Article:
Faculty of engineering colleges in Bangalore may be deployed as decoy drivers to check the menace of ragging in college buses, a section of the media in the city reported on Friday.
On Wednesday, the Supreme Court directed educational institutions across the country to take a slew of stringent anti-ragging measures, including lodging criminal cases against erring students at the police stations.
K Balaveera Reddy, Vice-Chancellor of Visvesvaraya Technological University (VTU) that administers some 120 engineering colleges in Karnataka, told IANS on Friday that there was no plan to tell the faculty to act as drivers.
However, as part of the strict measures adopted by the VTU to check ragging, junior faculty members would randomly travel in the college buses to deter older students from harassing younger ones, he said.
The vice-chancellor said there are about 60 engineering colleges in Bangalore and since authorities cannot rule out the possibility of ragging in college buses, it was decided to deploy faculty members on the buses.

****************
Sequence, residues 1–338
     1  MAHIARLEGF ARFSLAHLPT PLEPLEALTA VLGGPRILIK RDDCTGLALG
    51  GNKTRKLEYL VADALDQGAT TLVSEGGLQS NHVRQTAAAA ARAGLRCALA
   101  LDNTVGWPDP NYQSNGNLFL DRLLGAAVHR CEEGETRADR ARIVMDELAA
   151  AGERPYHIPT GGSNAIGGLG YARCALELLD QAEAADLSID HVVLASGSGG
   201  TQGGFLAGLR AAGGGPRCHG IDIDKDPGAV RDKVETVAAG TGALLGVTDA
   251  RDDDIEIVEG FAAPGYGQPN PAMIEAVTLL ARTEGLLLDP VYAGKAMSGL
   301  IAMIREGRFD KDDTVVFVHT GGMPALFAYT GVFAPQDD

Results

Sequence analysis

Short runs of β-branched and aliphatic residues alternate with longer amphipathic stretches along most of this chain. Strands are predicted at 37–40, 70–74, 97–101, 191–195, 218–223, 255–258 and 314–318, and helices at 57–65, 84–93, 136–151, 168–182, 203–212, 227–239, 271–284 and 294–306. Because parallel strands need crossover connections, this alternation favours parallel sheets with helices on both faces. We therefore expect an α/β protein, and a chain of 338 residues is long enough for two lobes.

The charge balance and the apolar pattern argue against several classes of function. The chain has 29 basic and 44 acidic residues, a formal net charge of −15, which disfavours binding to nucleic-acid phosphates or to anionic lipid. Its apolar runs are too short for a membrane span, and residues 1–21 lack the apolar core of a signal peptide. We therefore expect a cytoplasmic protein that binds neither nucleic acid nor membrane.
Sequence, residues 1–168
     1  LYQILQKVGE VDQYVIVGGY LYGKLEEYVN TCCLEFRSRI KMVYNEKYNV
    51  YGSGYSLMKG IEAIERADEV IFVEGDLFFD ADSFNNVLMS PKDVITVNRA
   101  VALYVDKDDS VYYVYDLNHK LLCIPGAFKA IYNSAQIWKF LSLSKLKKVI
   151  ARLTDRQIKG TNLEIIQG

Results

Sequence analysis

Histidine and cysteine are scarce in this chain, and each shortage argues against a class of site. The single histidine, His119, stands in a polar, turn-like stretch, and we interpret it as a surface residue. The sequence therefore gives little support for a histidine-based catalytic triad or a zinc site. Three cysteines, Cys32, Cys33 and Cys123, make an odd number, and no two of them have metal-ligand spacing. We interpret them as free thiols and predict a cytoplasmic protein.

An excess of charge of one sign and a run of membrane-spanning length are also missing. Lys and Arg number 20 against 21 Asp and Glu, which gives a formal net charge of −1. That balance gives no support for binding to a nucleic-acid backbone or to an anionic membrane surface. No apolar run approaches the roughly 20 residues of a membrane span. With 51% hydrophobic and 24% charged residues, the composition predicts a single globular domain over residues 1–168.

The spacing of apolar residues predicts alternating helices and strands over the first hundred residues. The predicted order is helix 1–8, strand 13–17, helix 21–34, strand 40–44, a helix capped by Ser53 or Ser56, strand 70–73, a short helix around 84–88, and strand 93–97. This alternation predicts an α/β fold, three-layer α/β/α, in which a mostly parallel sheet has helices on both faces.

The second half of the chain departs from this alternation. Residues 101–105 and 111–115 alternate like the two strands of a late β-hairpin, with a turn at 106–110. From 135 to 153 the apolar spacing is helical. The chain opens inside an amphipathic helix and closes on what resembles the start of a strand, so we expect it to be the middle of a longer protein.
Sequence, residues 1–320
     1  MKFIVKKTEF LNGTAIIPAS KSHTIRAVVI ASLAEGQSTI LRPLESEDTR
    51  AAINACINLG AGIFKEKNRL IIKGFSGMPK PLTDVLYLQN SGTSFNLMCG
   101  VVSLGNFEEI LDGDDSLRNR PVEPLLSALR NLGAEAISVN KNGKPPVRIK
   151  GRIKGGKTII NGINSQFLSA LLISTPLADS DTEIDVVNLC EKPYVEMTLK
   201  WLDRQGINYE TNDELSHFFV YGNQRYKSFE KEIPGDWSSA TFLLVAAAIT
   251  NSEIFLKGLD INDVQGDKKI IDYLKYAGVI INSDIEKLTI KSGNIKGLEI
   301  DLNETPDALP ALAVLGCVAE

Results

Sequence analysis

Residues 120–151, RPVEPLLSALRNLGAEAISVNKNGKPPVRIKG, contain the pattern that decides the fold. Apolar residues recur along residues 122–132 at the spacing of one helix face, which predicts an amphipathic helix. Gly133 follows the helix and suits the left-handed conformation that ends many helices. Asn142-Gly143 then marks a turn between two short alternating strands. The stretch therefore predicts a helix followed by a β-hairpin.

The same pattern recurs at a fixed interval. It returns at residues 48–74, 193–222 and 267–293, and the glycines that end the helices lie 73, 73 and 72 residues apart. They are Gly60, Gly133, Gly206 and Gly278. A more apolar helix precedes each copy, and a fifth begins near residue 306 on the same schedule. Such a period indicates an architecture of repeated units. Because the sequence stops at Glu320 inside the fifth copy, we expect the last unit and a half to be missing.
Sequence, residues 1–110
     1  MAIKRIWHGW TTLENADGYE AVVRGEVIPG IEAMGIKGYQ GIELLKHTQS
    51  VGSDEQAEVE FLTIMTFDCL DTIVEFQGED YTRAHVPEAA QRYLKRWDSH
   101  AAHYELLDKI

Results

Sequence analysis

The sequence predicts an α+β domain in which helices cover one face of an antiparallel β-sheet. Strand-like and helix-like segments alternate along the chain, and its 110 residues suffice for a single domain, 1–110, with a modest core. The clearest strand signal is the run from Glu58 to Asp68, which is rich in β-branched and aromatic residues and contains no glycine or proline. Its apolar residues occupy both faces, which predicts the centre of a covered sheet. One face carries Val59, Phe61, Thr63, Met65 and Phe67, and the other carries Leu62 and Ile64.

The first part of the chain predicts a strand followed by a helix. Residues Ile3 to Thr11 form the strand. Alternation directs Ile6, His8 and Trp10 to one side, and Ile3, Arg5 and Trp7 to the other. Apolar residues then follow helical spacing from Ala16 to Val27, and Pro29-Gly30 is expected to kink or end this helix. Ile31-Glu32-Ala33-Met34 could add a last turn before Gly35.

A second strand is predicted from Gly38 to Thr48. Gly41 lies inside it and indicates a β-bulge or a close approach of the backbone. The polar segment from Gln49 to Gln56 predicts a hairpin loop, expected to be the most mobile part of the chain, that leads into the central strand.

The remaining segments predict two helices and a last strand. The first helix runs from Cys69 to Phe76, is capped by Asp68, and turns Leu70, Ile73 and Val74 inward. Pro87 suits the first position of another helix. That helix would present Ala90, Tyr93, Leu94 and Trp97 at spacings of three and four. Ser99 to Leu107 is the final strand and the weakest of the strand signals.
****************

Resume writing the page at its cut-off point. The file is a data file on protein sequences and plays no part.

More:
Asked whether he expects the faculty members to cooperate with him in undertaking this task, Reddy said such exercises were carried out in the past as well which will now be extended.
Reddy said decisions like stamping the mark sheet of a student caught while ragging have been taken in the last few years to check ragging, which have proved to be a good deterrent.
"Which student would like to risk his future by getting such a stamp on his marks card," Reddy said, adding that no student has suffered such a punishment so far.
Meanwhile, other universities and their affiliated colleges in the state are also planning new initiatives to ensure strict adherence to the apex court's directive.
Bangalore University, for example, plans moral lessons to make its students desist not only from ragging but also from consuming tobacco and liquor.